The goal of every presentation is to successfully influence how listeners will think or act. If that’s so, few presentations make the cut. Although many treat presentations rather casually, every one counts and each one is equally important.

And here’s why: We are our presentations . We’re the one on stage, and we’re judged by our listeners not only by what we say — but by the effectiveness of the performance.

Follow these steps to make every presentation a success:

1. Start with asking, “What do I want someone to say, do or think after hearing my presentation?” If you don’t have a clear picture of how you want listeners to respond, they will be confused and dissatisfied. A presentation gets a focus and comes under your control when you know exactly how you want it to be perceived. Write down your answer and make it specific so it becomes your built-in GPS as you develop your presentation. If you don’t, expect a low grade from your audience.

2. Think about some presentations you’ve heard lately at work or anywhere else. What didn’t you like ­­— too fast or slow? hard to follow? heard it before? ­— and what was good ­— good pace? good stories? learned something new? Again, write down your answers and then get it right when preparing a presentation.

3. A presentation is always a joint venture between presenter and listeners.It belongs as much to them as it does to you. This is why pretending they’re looking over your shoulder as you’re preparing it is a good way to think about it, but it also makes it hard work. How so? Because a presentation is always a compromise between what you want to say and what the audience wants to hear.

4. Connect with your listeners with stories. The good news is that listeners want to believe in you as someone who cares about what they care about. Unfortunately, this occurs infrequently. The way to do it is with the right stories, those that keep the focus on your listeners. Nix those about yourself, your company, your job, your dog, your significant other, or your vacation — unless they’re a good fit for your audience. If you have kids, you may have great stories, but leave them at home. If you don’t, you’ll lose your listeners. Always keep in mind that your presentation is about them, not you.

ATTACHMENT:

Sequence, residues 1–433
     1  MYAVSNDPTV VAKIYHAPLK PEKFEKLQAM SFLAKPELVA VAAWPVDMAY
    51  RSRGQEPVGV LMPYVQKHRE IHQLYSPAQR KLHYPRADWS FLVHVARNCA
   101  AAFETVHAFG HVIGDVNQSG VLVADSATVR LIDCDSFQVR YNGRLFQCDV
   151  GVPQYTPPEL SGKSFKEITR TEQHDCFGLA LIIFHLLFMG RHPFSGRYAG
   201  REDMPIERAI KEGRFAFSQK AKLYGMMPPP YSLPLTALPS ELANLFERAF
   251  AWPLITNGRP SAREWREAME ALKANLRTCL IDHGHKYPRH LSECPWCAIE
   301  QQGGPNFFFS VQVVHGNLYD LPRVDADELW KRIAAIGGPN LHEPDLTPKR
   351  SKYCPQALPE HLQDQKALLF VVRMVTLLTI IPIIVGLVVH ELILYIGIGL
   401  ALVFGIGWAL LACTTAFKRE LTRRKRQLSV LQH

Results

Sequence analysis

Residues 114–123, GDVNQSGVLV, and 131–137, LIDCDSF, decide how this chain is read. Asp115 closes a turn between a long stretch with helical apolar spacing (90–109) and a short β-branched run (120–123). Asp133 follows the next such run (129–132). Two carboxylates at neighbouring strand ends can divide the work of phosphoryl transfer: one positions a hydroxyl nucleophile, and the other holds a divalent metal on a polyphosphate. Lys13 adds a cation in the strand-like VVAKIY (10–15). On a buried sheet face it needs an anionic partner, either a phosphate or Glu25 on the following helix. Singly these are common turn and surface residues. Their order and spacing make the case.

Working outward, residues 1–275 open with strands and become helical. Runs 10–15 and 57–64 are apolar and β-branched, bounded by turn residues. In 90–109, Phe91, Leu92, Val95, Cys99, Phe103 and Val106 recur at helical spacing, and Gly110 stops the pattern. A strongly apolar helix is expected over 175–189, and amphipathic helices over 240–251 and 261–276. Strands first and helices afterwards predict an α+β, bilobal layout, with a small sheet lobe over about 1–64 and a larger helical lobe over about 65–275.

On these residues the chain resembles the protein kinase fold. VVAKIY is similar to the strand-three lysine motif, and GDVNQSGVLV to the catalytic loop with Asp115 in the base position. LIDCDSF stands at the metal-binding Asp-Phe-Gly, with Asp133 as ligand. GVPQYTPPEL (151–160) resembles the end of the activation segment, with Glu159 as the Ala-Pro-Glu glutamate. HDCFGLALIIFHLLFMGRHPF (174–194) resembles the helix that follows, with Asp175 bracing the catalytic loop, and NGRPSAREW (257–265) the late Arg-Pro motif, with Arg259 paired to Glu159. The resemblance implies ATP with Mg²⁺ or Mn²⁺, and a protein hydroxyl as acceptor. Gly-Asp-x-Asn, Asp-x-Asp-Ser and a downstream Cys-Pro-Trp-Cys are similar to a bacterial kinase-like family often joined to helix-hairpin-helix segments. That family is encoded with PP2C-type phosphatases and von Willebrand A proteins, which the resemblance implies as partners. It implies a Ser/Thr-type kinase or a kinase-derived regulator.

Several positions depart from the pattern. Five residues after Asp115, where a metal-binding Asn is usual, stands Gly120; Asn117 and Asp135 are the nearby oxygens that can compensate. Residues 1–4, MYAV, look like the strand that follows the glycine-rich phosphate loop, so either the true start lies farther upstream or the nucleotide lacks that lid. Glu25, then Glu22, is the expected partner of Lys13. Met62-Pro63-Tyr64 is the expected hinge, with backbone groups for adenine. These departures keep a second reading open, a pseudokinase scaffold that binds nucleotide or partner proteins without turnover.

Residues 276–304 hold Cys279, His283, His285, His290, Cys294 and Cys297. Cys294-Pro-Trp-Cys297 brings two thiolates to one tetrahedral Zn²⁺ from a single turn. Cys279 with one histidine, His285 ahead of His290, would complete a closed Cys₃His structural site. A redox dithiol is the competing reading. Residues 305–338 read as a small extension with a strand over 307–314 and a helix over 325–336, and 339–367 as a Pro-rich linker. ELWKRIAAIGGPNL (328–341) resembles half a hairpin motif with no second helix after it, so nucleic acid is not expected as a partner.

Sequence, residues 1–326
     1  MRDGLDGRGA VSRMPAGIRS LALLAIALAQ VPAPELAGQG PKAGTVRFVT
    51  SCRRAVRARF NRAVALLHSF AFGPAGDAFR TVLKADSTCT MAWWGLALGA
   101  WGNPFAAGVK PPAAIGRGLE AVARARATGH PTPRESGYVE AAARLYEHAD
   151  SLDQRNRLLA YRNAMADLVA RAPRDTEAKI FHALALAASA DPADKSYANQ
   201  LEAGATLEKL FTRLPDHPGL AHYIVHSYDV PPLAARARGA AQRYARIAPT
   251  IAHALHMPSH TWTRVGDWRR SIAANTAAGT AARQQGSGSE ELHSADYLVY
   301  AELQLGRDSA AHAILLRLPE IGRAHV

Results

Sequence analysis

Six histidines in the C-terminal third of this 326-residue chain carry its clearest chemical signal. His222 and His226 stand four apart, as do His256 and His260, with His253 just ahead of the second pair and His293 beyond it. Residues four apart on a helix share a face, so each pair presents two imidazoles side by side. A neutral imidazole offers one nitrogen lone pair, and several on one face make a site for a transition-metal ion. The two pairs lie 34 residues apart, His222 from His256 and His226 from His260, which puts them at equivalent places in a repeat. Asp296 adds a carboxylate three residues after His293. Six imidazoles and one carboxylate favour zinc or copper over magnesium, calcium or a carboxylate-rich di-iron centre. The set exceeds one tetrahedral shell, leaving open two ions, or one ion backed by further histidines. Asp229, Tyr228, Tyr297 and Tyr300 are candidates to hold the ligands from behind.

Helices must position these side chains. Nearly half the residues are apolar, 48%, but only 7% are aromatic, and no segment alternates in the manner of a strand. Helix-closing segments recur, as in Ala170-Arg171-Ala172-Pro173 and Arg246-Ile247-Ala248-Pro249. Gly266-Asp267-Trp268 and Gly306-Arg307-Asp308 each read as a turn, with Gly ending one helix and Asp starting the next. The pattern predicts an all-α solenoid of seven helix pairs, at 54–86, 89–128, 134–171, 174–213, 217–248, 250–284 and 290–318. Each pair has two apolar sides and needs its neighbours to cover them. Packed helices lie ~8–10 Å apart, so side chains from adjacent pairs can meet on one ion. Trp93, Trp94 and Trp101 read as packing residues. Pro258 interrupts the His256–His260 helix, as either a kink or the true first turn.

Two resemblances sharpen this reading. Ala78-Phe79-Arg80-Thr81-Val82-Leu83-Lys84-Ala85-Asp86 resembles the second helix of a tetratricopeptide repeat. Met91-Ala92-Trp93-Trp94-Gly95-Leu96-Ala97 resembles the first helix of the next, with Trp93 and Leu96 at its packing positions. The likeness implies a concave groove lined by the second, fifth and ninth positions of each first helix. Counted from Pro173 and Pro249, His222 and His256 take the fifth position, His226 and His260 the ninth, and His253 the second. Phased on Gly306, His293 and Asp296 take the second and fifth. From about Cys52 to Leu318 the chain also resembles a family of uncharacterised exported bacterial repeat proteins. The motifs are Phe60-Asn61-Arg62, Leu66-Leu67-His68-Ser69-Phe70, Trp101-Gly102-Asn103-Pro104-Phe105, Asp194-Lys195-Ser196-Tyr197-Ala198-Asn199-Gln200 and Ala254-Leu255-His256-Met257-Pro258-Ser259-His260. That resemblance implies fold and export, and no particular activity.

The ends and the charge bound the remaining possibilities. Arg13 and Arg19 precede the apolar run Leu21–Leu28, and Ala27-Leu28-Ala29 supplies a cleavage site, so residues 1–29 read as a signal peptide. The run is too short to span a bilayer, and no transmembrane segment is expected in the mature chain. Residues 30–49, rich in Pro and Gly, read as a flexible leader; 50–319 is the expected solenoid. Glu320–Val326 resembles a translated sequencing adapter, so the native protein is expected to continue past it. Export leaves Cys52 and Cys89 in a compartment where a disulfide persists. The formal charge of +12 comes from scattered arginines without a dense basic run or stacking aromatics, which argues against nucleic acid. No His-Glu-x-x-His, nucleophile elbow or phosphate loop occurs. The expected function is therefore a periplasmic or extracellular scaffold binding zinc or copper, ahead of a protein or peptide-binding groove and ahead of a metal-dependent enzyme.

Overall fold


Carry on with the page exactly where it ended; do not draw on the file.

5. Write your presentation word-for-word. “But that’s a lot of work and this is just an informal presentation,” someone says. Of course, it’s work, but the deadly mistake both new and experienced presenters make is cutting corners on preparation, starting with thinking that writing out presentations isn’t needed.

6. Turn on your presentation GPS. From the get-go, you have no more than 30-seconds to grab attention and make clear what you want to accomplish. One presenter looked at the audience of 75 or so salespeople and said, “Only three of you are going to get rich. How do I know? Only three of you will do what it takes to get there.”

What follows are the three steps a salesperson must take to reach success and this is where stories, supported by facts, can help engage listeners.

Then, wrap it up, summarizing what you want the listeners to remember about your presentation and, close with a challenge. By the way, never end with a question or a quotation. Always end with your own words.

7. Get some coaching. This seems to be the universal solution today. Yet, it can be a big help for presenters. Your best bet may be in the next cubical, a friend or a significant other — a person who recognizes how much you want to do well. Then set the stage with your new coach. “Be honest. Make some notes and let me know what you like and what you don’t — and why. Then we can talk about it.”

Making great presentations is an immense challenge. They’re never spontaneous, never left to the last minute, and never read from PowerPoint screens. They’re always written, always edited and always rehearsed. Those who do it best are those who recognize that giving a presentation isn’t what they do; it’s who they are.

John Graham of GrahamComm is a marketing and sales consultant and business writer. He publishes a free monthly eBulletin, “No Nonsense Marketing & Sales.” Contact him at, 617-774-9759 or

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